Secondhand style strides forward in Oxfam’s London fashion week show
Pre-loved style pioneer Bay Garnett dresses stars in curated stock from Oxfam’s warehouse for LFW’s opening show
The first show to kick off London fashion week on Thursday night had all the usual elements you’d expect – a long runway with pumping music, models in towering heels and surprise celebrity appearances causing the front row to whip out their phones.
However, there was one particular point of difference: the cast, including the model Erin O’Connor, TV presenter Miquita Oliver and the trans activist Munroe Bergdorf, were all wearing secondhand clothes.
The show, Oxfam Fashion Fighting Poverty, was the third time the nonprofit has taken part in London fashion week.
All the clothes came from Oxfam’s own stores and were styled by the British stylist Bay Garnett. Every look was available to buy on eBay after the show, helping to raise funds for the charity.
Garnett is a pioneer of secondhand fashion and famously dressed Kate Moss in pieces she had found in charity and vintage shops for a shoot in British Vogue in 2003. A banana-print top featured in the shoot, which Garnett had found in NYC, even went on to inspire Chloé’s spring/summer 04 collection.
For Thursday night’s show, Garnett said she started the process by thinking about different types of tribes. Working through stock at Oxfam’s 50,000 sq ft warehouse in West Yorkshire, Garnett narrowed down what she wanted to feature by thinking about different types of tribes. “There has to be some type of character within the clothing, then I piece it together. So there’s punks, goths, the 60s, Americana, it’s a real mix.”
Rejecting trends – “I think it’s a construct” – Garnett cleverly created a variety of looks that would still appeal to a wide variety of cohorts.
The reality TV star and eBay ambassador Tasha Ghouri looked as if she had stepped straight off the Love Island set in a hot pink minidress and diamanté heels. Erin O’Connor paid homage to Yves Saint Laurent in a simple Le Smoking-esque black suit, while a pregnant Daisy Lowe seemed to follow the pop star Rihanna’s guide to maternity wear in a form-hugging velvet mini. Meanwhile, the train enthusiast and TikTok star Francis Bourgeois, who has starred in a campaign for Gucci, wore a two-piece chequered suit which looked like it could have been fresh off the Milan runway.
One of Garnett’s favourite finds was a purple 1960s Christian Dior suit, modelled by the British costume designer Sandy Powell. Styled with a pink shirt and magenta-ribboned tie backstage, Powell said it was the type of thing she would wear in real life too. “I would encourage anyone who is still buying fast fashion to stop. Buy something from a charity shop instead. It lasts so much longer.”
It was a sentiment echoed by Bergdorf. “My favourite ever charity shop find was a pair of Burberry trousers. They no longer fit so I passed them on to a friend. Sharing clothes is all part of sustainability.”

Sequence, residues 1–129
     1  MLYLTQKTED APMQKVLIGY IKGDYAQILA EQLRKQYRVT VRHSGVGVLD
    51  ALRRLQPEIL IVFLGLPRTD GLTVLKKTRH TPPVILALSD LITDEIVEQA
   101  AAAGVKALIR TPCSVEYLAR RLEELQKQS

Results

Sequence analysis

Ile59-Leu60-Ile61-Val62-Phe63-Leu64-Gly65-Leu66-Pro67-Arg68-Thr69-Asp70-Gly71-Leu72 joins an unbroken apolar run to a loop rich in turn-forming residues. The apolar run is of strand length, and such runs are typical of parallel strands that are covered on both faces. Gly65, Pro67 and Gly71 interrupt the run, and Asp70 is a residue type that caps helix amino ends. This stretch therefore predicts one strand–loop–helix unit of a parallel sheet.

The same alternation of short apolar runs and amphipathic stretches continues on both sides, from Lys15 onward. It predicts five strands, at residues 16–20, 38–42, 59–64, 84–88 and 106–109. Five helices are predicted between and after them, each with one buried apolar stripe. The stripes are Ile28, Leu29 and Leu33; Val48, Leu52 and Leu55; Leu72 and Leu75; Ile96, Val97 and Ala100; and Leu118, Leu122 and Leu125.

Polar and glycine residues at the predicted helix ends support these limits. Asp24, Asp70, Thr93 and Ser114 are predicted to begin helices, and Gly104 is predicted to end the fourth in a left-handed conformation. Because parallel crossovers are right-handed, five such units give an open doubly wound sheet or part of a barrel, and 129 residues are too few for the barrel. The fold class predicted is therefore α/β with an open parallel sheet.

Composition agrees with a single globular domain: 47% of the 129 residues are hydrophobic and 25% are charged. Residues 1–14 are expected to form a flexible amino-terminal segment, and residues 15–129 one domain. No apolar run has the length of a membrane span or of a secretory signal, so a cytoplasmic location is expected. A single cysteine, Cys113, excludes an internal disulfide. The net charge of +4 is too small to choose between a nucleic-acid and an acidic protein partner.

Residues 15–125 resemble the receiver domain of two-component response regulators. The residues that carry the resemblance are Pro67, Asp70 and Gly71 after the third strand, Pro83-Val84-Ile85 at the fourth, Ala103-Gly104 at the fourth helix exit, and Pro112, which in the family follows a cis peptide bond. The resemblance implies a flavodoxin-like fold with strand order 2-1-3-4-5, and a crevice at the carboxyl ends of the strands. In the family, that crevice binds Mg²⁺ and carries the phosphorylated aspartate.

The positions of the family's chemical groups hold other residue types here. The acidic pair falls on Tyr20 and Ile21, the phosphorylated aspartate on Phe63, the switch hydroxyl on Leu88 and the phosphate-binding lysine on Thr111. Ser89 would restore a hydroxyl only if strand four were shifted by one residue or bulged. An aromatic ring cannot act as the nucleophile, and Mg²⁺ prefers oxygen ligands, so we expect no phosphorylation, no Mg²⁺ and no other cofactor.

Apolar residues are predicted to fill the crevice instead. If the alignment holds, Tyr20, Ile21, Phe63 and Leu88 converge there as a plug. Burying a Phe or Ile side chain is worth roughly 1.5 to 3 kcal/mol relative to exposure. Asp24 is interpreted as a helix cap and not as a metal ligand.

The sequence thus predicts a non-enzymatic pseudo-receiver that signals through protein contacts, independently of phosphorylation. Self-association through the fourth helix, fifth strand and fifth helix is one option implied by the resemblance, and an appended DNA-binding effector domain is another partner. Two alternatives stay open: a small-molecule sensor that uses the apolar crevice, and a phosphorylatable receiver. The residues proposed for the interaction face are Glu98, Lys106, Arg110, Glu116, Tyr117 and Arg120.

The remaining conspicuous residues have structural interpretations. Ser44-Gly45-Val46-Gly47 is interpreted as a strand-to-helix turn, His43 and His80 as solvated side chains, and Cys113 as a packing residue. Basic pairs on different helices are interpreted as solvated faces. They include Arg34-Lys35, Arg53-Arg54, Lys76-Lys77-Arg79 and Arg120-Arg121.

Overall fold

Not everything came with a designer label, but most were vintage pieces, including an 80s taffeta prom-style dress worn by Oliver, and Garnett purposely avoided any fast fashion brands.
The show, which was full to capacity, reflects the growing interest in pre-loved fashion. According to GlobalData, the clothes resale market in the UK grew by 149% between 2016 and 2022. It is forecast to rise by 67.5% from 2022 to 2026. A spokesperson for Oxfam says its main clothing categories including womenswear and menswear are having the bestselling year of the last six, with year on year growth of more than 20%.
Garnett, who started her career in fashion in the 90s, is excited by secondhand’s growing popularity, especially among younger generations. “Buying secondhand is a form of activism. We’re in a climate emergency so why wouldn’t Gen Z buy secondhand? A sustainable option is now cool.”
Later in the evening, the demi-couture designer Harris Reed showed a flamboyant collection inspired by Shakespeare’s famous monologue All the world’s a stage, from As You Like It. The show was opened by the actor Florence Pugh, who performed part of Jaques’s speech, while the models wore gold and black sequins to a live rendition of Led Zeppelin.
I hope you appreciated this article. Before you move on, I was hoping you would consider taking the step of supporting the Guardian’s journalism.
From Elon Musk to Rupert Murdoch, a small number of billionaire owners have a powerful hold on so much of the information that reaches the public about what’s happening in the world. The Guardian is different. We have no billionaire owner or shareholders to consider. Our journalism is produced to serve the public interest – not profit motives.
And we avoid the trap that befalls much US media – the tendency, born of a desire to please all sides, to engage in false equivalence in the name of neutrality. While fairness guides everything we do, we know there is a right and a wrong position in the fight against racism and for reproductive justice. When we report on issues like the climate crisis, we’re not afraid to name who is responsible. And as a global news organization, we’re able to provide a fresh, outsider perspective on US politics – one so often missing from the insular American media bubble.
Around the world, readers can access the Guardian’s paywall-free journalism because of our unique reader-supported model. That’s because of people like you. Our readers keep us independent, beholden to no outside influence and accessible to everyone – whether they can afford to pay for news, or not.
If you can, please consider supporting the Guardian today. Thank you.
Editor, Guardian US